Clem bought the system in May 2007, and had over 1,200 single-shifted hours on the harvester when CFI dropped by in early November. He was doing a select cut in a rolling hardwood stand about 30 minutes from Groupe Savoie’s mill. The land belongs to forestland investor and manager Wagner Forest NS Ltd., a company with an eye on both current revenue and the long-term value of the forest, Clem says. Unlike similar jobs in other hardwood jurisdictions like Quebec, Clem chooses his own trees as he winds his way carefully through the stand. He sees this flexibility as key to making the mechanical system work for all players.

“If you’re relying on someone else to mark the trees, they won’t fully understand the limitations of the machine, or the terrain – where we can go safely without doing damage, where we can’t, or the reach. I think you’ll end up doing more damage, with less productivity, by being forced to follow a pre-set path. As long as you have the hardwood experience, and choose your trees responsibly and with the future forest in mind, then this is the way to go. In a stand like this, I try to leave the quality and take the trees that are damaged or won’t likely make it to the next cut.”

There is plenty of both on this site, as a manual select cut done some 40 years ago left more than a few scarred trees, each a reminder to Clem of why careful harvesting and
forwarding is so important. Scars that at the time seemed insignificant now leave Clem with plenty of cull and lost production.

“You can see it as you work, and it often makes that first butt log useless,” Clem notes, pointing out standing trees with large gaps just above the roots, and stumps with more than half the area rotten. “That’s the kind of thing we’re trying to spare the next guy that comes in here 25 or 40 years from now.”

Uptime Challenge
Savoie’s Glenn Baker monitors such sites to ensure quality where his company is involved, but admits his job is made easier by Clem’s experience, attitude, and love of the woods.
“Clem’s a very sincere guy, very interested in doing the right thing for the forest,” he says as we drive out to the logging site through small-town Nova Scotia. “He has done selection management cuts with power saws that qualified for silviculture credits (Ed Note – A provincial forest management incentive program to promote progressive silviculture on private land, from tree planting and PCT to commercial thinning and select cutting). Once he got the harvester, he has been keen on doing the same.”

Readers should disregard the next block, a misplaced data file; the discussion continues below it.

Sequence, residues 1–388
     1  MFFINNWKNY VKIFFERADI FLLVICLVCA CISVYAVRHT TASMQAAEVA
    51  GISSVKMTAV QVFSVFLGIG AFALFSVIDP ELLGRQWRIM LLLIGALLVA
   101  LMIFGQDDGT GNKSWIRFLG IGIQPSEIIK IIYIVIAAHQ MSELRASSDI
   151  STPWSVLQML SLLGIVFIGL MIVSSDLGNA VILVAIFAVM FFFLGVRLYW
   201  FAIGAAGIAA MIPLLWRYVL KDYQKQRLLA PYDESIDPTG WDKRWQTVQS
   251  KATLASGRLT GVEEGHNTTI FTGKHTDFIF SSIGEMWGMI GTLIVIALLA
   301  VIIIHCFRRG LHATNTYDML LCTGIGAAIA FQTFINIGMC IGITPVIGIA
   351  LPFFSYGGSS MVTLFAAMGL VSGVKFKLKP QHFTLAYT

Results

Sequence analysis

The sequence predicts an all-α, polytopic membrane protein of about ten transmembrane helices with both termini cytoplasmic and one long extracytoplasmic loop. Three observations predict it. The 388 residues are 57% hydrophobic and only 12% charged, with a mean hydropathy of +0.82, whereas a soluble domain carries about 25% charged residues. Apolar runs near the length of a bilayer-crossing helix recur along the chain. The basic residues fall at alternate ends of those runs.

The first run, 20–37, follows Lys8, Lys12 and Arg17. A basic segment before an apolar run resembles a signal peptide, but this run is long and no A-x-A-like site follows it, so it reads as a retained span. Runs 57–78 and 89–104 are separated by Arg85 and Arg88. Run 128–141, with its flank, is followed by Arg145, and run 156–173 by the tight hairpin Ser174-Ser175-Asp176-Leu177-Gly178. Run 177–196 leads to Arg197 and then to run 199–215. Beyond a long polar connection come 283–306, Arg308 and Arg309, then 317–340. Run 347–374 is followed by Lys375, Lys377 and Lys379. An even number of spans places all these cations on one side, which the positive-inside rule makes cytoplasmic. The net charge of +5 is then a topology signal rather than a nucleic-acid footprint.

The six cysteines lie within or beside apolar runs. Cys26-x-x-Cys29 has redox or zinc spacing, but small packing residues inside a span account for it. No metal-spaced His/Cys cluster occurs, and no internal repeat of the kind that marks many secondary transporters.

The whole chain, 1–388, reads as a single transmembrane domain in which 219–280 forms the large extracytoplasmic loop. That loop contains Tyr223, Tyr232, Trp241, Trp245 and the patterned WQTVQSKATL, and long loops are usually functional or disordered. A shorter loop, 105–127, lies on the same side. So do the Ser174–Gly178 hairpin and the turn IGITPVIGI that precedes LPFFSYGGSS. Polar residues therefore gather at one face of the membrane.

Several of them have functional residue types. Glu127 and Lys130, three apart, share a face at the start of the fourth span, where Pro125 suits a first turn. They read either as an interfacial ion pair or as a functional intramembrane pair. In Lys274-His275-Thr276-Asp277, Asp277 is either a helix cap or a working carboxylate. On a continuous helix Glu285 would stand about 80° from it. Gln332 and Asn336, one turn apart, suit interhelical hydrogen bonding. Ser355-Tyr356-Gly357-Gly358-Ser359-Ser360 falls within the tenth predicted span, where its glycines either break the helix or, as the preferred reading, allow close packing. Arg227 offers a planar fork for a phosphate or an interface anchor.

As for the products removed, Glenn has his own way of motivating Clem, and other hardwood loggers that work for Groupe Savoie.

“When it comes to hardwoods, I really believe in paying a logger a percentage of the value of the logs he puts on the truck, rather than a volume rate,” Glenn says, echoing a sentiment rarely heard in softwood circles. “The sorting and bucking decisions are so important, it has to be reflected in the rates. We also pay extra for pallet wood sorted out correctly, as we do separate runs at the mill, and so it saves us sorting and scaling costs there.”

The company targets a 16 to 22m2/ha basal area when the cut is done, which typically results in a 30 to 40% volume removal rate. On the Wagner land we visited, with the higher rate of damage from the old harvest, the removal rate was closer to 40% than 30%, but the resulting forest was nonetheless pleasant to walk through only hours after the harvest. The ground here is rough, with plenty of rocky bluffs, steep drops, and holes to trap a machine or limit its movement. Still, looking back over the whole scene, Clem’s done a good job getting the volume out, with little evidence of top damage, and almost no new scarring at all. As for the ground, a thick brush mat ensures very little evidence of machine travel.

There’s no doubt both logger and machine can do the job, so moving forward, Clem’s biggest challenge will likely be creating a support network to maximize machine uptime. On the day we dropped in, the harvester was down a while as Clem waited for a hose.

“I’m still getting used to the parts I’ll need to have on hand, but we’ll get there,” he notes as we look over the head’s design. No doubt a thoughtfully stocked parts and service trailer and a well-oiled inventory control system would be a big help in keeping Clem in the operator’s seat. And it’s a place he likes just fine. Whether looking ahead at the job remaining, or in the rear view mirror at the work already done, he likes the new view.

“I’ve been doing it for 31 years straight, so I’ve got a good appreciation for the woods. I was just like everyone else around here starting out, and the first 25 years was mostly in the softwood production environment. But I prefer this sort of work. It takes more skill and experience, but as a result, it’s much more rewarding when you’re done. And it looks really good when you’re finished, if you’ve done it right,” he concludes, waving his hand across the forest all around us.